Centennial, donors establish $1.2 M endowment for full-tuition scholarships

Centennial College students in the School of Engineering Technology and Applied Science will have access to new scholarships, thanks to a record-setting donation of $600 K from Paul and Gerri Charette. The funds will be used to help establish a $1.2 M endowment supporting the Paul and Gerri Charette Full-Tuition Scholarship, which will be awarded to students in Centennial’s Architectural Technology and Environmental Technology programs. "It is our responsibility to encourage students on their academic journey,” says Paul Charette, “and we want to ensure capable individuals who are motivated to enter these fields may do so unencumbered by the cost of education.” Centennial

“Focus on people and process, not technology,” says new MIT report on the future of online education

A new report from MIT concludes that the future of online learning will depend on the quality of the people behind the technology, reports Inside Higher Ed. While the report celebrates the benefits of online learning, it notes that this form of learning is best used in a blended format—a combination of online learning and face-to-face interaction with instructors—rather than entirely online. Ultimately, the report predicts that “technology will not replace the unique contributions teachers make to education through their perception, judgment, creativity, expertise, situational awareness, and personality. But it can increase the scale at which they can operate effectively.” Inside Higher Ed | Report

BCcampus to begin province-wide indigenization process for higher ed

BCcampus has announced that beginning this spring, it will facilitate a program to indigenize curriculum and build Indigenous cultural awareness in postsecondary institutions across British Columbia. The organization will undertake this work on behalf of BC’s Ministry of Advanced Education through the new Indigenization of Curriculum and Cultural Awareness training project (ICCAT). The project’s stated goals will include the development of open educational resources that will be “accessible to faculty and staff at all postsecondary institutions so that they can be better prepared to meet the needs of Aboriginal students and communities, and to incorporate Aboriginal content, teaching methods, and other approaches of Indigenization into their educational practices.” BCcampus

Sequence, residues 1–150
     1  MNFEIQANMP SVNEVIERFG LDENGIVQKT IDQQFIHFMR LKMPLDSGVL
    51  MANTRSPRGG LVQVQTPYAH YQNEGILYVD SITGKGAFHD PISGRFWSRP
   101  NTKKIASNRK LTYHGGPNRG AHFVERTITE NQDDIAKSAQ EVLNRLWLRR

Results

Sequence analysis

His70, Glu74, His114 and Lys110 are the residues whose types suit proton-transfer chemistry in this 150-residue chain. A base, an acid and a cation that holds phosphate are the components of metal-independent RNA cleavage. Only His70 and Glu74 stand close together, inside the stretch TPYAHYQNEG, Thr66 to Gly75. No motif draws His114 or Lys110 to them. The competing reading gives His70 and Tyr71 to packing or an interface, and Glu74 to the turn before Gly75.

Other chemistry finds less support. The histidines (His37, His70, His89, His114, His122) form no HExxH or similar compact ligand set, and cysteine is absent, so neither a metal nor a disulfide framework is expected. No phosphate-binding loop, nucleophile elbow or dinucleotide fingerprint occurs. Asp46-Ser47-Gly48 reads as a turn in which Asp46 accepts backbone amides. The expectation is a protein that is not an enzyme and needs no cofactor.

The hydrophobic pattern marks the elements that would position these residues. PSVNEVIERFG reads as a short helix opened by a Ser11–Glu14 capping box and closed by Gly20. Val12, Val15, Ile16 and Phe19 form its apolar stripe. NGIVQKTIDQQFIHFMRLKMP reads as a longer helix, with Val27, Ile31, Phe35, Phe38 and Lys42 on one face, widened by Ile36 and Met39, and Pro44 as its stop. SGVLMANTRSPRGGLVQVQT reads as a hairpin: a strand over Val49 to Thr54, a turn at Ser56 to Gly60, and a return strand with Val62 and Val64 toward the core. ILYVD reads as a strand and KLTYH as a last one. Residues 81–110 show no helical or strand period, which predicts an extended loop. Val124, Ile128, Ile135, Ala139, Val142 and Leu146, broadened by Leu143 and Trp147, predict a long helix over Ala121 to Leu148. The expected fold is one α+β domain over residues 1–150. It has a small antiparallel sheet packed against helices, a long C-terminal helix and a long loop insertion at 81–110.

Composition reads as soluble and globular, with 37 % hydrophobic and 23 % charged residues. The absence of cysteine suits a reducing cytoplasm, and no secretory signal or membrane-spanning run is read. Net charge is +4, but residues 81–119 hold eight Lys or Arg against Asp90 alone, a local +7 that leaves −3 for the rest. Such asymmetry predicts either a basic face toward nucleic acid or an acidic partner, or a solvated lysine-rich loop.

Carleton to become Canadian headquarters for Bono’s ONE Campaign

Carleton University has become home to the ONE Campaign, an international advocacy initiative co-founded by U2 singer Bono that is devoted to fighting poverty and preventable disease around the world. ONE Campaign’s Canada Director Stuart Hickox says that the primary purpose of the Carleton office will be to push governments to invest more in overseas development assistance through a number of different advocacy strategies and initiatives. He adds that “Carleton is a testing ground for The ONE Campaign for the whole country. We’re going to try new things here, and learn from our mistakes. Social entrepreneurship and community-building require experimentation.” Carleton

Confronting the “culture of shame” around alt-ac careers

“There continues to be a pervasive silence surrounding the pursuit of alt-ac careers,” writes Erin Clow for University Affairs, and much of this silence can be attributed to the process of shaming that is often directed at PhD students who choose to pursue careers outside the academy. This process does not always come in direct forms, she notes, but can be found in everyday interactions like “the department-wide emails that are sent out to congratulate recent graduates, current students and faculty members on new academic appointments, recent publications or academic prizes.” Clow notes that such praise is rarely shown toward non-academic achievements, but finds hope in the observation that this culture has begun to show signs of changing. University Affairs